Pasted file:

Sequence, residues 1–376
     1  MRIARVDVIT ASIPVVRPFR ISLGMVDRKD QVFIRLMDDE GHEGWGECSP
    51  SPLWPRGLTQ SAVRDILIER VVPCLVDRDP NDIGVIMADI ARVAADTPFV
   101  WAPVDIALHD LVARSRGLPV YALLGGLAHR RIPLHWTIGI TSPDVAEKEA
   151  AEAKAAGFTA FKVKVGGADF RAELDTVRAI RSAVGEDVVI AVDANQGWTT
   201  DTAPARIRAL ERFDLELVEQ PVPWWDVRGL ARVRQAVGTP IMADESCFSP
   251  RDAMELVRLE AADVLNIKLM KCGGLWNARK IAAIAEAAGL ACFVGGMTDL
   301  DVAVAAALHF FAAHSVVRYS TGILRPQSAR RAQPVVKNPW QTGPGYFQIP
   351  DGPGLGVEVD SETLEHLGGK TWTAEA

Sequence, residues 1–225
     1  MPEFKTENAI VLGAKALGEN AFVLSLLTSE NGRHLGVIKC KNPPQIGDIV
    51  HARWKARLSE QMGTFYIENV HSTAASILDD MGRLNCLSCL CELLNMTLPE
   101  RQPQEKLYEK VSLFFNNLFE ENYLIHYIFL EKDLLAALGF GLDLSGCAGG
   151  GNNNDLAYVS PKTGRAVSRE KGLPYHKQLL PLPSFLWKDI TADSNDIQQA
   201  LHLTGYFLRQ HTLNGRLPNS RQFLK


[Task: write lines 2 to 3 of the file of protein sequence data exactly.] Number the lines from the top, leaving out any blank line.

     1  MRIARVDVIT ASIPVVRPFR ISLGMVDRKD QVFIRLMDDE GHEGWGECSP
    51  SPLWPRGLTQ SAVRDILIER VVPCLVDRDP NDIGVIMADI ARVAADTPFV